[dmarc-discuss] Failure reports from Microsoft servers due to SPF and DKIM both failing for forwarded/resent messages

Franck Martin fmartin at linkedin.com
Tue Apr 19 11:30:30 PDT 2016

MS-Exchange tends to normalize the email (like fix html) before storing it
(in TNEF format) or forwarding it. It is known, and is being addresses.
Several fixes have been in place in office365 (less so for on-premises
systems), but your mileage may vary...

A search through the list archives may help you.

On Tue, Apr 19, 2016 at 4:10 AM, Geir Waade via dmarc-discuss <
dmarc-discuss at dmarc.org> wrote:

> Hello,
> We have been ramping up DMARC usage over the last year or so, and recently
> enabled the failure reporting option to allow recipient servers to notify
> us when a message is quarantined or rejected due to a failing policy. We
> have SPF and DKIM in place for our domains and have set the failure policy
> to fo=0, which requires both SPF and DKIM to fail for the DMARC check to
> fail.
> What we've noticed is a potential problem with certain conditions of
> message forwarding, resulting in a bit of failure report flooding. Whenever
> we send a message to someone with a Hotmail/MSN/Outlook.com address, who
> has configured their account to forward email to another address on
> Microsoft's services (Office365 / Exchange hybrid?), we get DMARC failure
> reports from staff at hotmail.com. The headers in the report's attached
> emails show that delivery from our servers to the hotmail server for the
> original address succeeds, with both SPF and DKIM checks passing. However,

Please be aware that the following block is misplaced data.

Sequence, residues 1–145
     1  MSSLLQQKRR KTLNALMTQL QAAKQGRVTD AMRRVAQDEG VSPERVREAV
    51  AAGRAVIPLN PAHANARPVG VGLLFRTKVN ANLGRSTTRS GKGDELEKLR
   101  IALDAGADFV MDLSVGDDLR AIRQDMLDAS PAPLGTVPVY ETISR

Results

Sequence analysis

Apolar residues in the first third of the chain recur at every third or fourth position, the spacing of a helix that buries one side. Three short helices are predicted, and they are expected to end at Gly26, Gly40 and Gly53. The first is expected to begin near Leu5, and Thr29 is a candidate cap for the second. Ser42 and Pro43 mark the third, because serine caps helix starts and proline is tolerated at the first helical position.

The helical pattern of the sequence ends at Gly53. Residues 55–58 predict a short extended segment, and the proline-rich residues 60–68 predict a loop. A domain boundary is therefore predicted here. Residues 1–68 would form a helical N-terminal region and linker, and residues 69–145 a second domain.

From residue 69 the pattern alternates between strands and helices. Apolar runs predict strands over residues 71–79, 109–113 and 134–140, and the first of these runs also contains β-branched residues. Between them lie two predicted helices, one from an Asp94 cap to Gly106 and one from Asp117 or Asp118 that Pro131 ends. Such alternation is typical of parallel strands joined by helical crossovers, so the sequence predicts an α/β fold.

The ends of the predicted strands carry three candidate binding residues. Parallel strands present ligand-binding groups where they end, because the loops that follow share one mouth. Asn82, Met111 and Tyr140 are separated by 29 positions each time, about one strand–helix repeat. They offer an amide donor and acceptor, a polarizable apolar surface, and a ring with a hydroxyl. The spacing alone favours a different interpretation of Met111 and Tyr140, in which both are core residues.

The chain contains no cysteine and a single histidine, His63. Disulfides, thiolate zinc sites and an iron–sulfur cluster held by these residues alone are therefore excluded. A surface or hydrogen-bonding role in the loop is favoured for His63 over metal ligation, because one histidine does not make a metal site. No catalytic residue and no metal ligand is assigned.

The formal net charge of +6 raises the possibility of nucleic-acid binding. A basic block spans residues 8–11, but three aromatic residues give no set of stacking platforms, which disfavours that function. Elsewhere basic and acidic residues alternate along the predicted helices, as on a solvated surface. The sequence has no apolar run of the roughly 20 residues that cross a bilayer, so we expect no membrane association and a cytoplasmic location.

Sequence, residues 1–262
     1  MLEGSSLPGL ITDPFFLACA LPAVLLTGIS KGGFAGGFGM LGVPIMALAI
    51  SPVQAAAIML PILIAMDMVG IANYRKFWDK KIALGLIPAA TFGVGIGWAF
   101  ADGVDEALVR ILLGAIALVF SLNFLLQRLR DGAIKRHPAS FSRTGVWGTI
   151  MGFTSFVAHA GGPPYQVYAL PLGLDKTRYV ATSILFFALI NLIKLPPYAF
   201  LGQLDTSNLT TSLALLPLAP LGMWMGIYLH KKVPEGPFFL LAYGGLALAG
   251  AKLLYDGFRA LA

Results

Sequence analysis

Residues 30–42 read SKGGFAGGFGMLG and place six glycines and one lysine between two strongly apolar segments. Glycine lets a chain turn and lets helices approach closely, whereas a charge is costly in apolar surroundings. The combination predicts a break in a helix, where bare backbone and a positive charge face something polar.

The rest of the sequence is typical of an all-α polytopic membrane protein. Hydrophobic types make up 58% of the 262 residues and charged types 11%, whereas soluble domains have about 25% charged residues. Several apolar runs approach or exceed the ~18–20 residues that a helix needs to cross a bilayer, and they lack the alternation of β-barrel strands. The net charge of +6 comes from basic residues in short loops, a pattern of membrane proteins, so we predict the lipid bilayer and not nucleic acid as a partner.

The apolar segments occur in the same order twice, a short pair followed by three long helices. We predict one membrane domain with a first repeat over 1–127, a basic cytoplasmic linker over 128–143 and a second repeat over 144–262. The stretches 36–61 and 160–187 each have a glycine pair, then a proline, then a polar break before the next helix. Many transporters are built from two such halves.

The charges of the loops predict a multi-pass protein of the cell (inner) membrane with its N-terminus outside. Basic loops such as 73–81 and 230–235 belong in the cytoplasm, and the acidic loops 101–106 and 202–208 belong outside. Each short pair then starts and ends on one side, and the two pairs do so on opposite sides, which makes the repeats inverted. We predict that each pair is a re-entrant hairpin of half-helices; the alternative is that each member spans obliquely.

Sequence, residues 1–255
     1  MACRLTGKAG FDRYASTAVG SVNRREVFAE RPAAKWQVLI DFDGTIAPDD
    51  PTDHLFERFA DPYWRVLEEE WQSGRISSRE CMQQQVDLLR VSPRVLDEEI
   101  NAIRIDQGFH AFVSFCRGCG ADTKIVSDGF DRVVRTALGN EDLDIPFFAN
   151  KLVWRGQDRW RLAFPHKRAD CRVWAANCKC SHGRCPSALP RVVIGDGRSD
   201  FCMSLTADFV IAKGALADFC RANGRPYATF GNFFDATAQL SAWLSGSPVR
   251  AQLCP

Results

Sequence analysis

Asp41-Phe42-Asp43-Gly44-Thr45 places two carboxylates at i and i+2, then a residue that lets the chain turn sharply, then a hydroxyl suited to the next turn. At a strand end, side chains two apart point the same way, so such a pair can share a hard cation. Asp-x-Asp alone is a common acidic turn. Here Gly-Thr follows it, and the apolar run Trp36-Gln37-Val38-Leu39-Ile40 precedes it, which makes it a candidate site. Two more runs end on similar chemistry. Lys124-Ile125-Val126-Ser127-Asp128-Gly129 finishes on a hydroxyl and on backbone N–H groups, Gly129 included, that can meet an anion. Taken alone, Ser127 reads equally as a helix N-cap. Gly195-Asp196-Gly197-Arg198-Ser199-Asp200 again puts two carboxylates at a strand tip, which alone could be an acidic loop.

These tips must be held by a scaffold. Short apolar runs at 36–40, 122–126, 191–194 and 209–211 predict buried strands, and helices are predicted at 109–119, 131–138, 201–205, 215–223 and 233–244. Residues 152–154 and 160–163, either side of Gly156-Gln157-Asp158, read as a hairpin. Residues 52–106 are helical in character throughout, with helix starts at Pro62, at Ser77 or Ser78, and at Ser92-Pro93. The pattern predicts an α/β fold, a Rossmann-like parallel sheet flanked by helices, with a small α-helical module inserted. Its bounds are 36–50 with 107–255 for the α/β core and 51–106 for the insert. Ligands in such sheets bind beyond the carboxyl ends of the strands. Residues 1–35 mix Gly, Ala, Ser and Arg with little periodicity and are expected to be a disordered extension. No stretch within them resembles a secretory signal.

> there's an internal delivery exchange of the message between outlook.com
> / hotmail.com / onmicrosoft servers for the new recipient's address, and
> the recipient's server performs a new authentication check on the forwarded
> message. This fails the SPF check, which is to be expected, but should not
> be enough to fail the message per our DMARC policy of 'fo=0'.  However, for
> some reason it also fails the DKIM check at this point – possibly due to a
> modified subject or an added anti-spam scan disclaimer? The final
> recipient's server politely adheres to our DMARC policy and
> rejects/quarantines the message, and we get a failure report as a result.
> Is there anything we can do as a sender to prevent this from happening,
> beyond relaxing the policy to maybe quarantine less than 100% of failed
> messages? It seems odd that we are getting an abundance of these from
> Microsoft, but almost nothing from other services. Has Microsoft
> implemented some superfluous auth checks in their internal delivery line
> that fails due to them breaking the DKIM signature on a previous step, or
> is possibly this due to Office365 customer setup?
> I have several examples of emails with headers showing the odd forwarding
> path these messages take, if you'd be interested in taking a look. Any
> suggestions you can give us would be most welcome.
> Best regards,
> Geir W
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